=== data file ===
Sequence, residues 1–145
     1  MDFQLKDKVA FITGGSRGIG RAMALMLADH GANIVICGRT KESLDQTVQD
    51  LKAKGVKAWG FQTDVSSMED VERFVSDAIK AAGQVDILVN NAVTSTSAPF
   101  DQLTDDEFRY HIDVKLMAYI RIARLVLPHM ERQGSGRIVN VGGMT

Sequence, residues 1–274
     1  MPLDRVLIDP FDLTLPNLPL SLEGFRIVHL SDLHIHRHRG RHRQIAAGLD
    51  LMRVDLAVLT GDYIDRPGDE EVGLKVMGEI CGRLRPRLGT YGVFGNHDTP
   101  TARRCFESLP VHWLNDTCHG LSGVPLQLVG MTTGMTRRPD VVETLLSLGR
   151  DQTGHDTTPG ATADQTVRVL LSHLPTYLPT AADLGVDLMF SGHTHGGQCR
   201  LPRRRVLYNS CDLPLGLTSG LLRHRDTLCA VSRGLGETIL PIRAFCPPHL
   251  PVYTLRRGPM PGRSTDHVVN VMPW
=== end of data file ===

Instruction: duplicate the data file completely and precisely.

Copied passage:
Sequence, residues 1–145
     1  MDFQLKDKVA FITGGSRGIG RAMALMLADH GANIVICGRT KESLDQTVQD
    51  LKAKGVKAWG FQTDVSSMED VERFVSDAIK AAGQVDILVN NAVTSTSAPF
   101  DQLTDDEFRY HIDVKLMAYI RIARLVLPHM ERQGSGRIVN VGGMT

Sequence, residues 1–274
     1  MPLDRVLIDP FDLTLPNLPL SLEGFRIVHL SDLHIHRHRG RHRQIAAGLD
    51  LMRVDLAVLT GDYIDRPGDE EVGLKVMGEI CGRLRPRLGT YGVFGNHDTP
   101  TARRCFESLP VHWLNDTCHG LSGVPLQLVG MTTGMTRRPD VVETLLSLGR
   151  DQTGHDTTPG ATADQTVRVL LSHLPTYLPT AADLGVDLMF SGHTHGGQCR
   201  LPRRRVLYNS CDLPLGLTSG LLRHRDTLCA VSRGLGETIL PIRAFCPPHL
   251  PVYTLRRGPM PGRSTDHVVN VMPW